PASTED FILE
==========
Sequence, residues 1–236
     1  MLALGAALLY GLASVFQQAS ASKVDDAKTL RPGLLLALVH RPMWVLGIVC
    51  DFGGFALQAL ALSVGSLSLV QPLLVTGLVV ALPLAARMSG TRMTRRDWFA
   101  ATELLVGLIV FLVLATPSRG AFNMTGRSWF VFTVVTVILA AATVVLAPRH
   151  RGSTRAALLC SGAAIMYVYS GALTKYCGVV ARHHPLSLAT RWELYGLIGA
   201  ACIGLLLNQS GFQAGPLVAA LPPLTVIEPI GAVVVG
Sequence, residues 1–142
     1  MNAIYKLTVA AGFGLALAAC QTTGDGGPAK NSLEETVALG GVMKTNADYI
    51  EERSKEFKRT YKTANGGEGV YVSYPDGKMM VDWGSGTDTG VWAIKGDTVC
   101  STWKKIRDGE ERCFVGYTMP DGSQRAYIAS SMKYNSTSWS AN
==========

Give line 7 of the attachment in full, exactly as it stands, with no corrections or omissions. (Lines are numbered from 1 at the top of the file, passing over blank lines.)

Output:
Sequence, residues 1–142